Some people are like that. But I’d suggest most are not.

Sometimes people just want to watch the news. Yes, that needs to be made easier to consume when I want to consume it – but that seems to me to suggest more infrastructure built around a TV news channel not the abolition of the channel itself. Yes, live news needs to cover better stories, to reduce its reliance on balcony two-ways with journalists far from the story. In my opinion, Al Jazeera English has a good track record in this. But I can’t see that a reduction in competition is likely to improve the quality of coverage for the viewer.

And, yes, people make mistakes. But I think viewers can forgive that. Just as they can also forgive the mistakes that happen online in the wake of disasters. 

TV news needs to change to keep itself relevant. It needs to lose its complacency, to embrace online and the digital revolution, but the idea of an output spine which keeps newsgathering motoring 24-hours a day is still relevant, and long may it continue to be so.

Internet Secret Sauce – why the digital tortoise may yet beat the hare

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Proving that I don’t just read The Guardian, I saw this interesting take in the NYT on Ezra Klein moving to Vox Media from The Washington Post.

Veteran media commentator David Carr uses it to dismiss the argument there’s a bubble building in digital content. That’s the view of some commentators as Buzzfeed, Vox and Business Insider et al attract funding and the new kids on the block show the squares in legacy media how it’s done.

Fair enough. As David Carr points out, the short history of online publishing is marked by radical change but at some point sustainable commercial models will emerge.

But there’s that Internet Secret Sauce argument too. Want to be big in digital? Invent technology. Be different. Change the world. Attract big money investment and sell up fast.

Look at the thinking behind Pierre Omidyar’s First Look Media. The stated aim to build a challenging journalistic endeavour supported by licensing the underlying technology.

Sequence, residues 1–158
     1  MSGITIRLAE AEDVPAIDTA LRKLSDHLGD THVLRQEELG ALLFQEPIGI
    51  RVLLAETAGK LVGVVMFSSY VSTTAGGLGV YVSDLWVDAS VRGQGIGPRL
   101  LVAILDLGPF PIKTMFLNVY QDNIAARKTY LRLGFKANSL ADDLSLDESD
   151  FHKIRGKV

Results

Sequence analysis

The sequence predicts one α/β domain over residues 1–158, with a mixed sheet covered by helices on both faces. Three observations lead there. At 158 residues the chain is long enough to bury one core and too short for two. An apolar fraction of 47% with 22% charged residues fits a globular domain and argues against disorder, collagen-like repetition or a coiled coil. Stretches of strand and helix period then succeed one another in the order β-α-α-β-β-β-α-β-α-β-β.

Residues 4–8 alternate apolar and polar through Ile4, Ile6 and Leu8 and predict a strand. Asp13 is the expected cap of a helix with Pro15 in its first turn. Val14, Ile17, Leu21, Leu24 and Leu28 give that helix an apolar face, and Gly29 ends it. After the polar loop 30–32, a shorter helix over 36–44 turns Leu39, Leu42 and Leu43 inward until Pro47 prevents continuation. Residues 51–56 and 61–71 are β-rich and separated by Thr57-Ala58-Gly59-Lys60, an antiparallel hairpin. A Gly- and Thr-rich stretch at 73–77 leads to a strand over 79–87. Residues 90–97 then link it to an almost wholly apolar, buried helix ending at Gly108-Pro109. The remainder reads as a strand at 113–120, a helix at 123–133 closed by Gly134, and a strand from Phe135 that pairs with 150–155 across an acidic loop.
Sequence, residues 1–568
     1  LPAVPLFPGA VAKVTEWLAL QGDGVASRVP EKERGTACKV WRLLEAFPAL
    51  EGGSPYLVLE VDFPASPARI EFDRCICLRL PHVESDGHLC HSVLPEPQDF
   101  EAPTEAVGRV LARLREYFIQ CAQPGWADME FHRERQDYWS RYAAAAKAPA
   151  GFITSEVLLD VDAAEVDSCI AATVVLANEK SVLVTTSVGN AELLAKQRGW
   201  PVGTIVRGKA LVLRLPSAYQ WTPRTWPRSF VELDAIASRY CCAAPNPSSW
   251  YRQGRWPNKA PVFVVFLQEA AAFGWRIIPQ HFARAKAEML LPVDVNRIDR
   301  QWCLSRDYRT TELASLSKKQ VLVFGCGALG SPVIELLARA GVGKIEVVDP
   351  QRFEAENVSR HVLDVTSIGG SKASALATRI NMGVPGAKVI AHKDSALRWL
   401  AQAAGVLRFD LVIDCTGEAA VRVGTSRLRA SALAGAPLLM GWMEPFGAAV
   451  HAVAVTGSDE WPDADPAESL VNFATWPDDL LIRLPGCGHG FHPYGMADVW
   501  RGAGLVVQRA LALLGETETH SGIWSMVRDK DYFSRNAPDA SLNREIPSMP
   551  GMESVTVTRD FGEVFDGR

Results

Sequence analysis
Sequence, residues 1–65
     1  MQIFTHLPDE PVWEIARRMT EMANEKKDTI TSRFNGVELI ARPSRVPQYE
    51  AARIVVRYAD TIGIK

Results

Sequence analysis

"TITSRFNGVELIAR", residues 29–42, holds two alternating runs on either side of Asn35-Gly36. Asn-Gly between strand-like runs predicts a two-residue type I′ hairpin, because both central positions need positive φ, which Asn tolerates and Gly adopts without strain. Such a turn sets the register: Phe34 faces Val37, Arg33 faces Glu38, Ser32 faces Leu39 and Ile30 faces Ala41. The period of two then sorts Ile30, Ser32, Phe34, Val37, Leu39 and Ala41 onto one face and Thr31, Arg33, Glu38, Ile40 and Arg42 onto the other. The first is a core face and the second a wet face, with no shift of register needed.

Good luck to them. I hope it works.

But why do old media companies such as newspapers seem slow to become digital oil wells? It’s not because they employ stupid people, or those who don’t get the internet. They employ some of the best brains in the business. So what’s the problem?

1. Digital advertising isn’t worth much. Unless you’re Google, selling advertising online isn’t a route to big money. And Google already has that Google space pretty well filled.

2. Print advertising is still worth lots. It might be shrinking, but a sector worth £2bn a year in the UK is still worth having.

3. Because the print advertising market is mature, publishers efficiently set-off costs against income leading to relatively predictable profits. With digital, publishers have to iterate towards new business models – that means soaking up losses.

4. In order to continue to service the print market, legacy media operations have had to maintain large numbers of staff. Cut staff and reduce the flow of original content, increasing the rate of audience loss and revenue.

5. Owners want results. And they want them now – just ask Tony Gallagher.

This all adds up to something of a conundrum for publishers. How do you cut costs, without damaging your audience, while encouraging innovation that doesn’t eat your business model?

And the answer? Go slowly. Innovate and iterate, but don’t kill the golden goose. And that strategy shows no sign of changing, Jill Abramson is still talking about a print editon of the New York Times existing in twenty years time.

Maybe.

The trouble is with the slow but sure model is that it has a tipping point. Eventually, the costs of producing and distributing the paper will outweigh the benefits of the advertising income. And that’s where the new kids on the block have the edge.

But I don’t think that the digital native media companies have reinvented journalism or publishing. They’re doing what successful media businesses have always done. Identify a market, serve its needs and establish a cost base low enough to make money.

The successful ones have done it with verve, imagination, wit and ability – that’s what sets them apart from the crowd – but I’m not sure that they’ve invented new models for publishing. Unlike, say, Twitter who have created something genuinely revolutionary.

The legacy media might move slowly but it still brings huge levels of brand recognition. If they can continue to capitalise on it, it has value. Just look at the leading global digital news destinations. Not one is a digital native. At least not yet.

I’m afraid, for me, it’s still meet the new boss. Just like the old boss.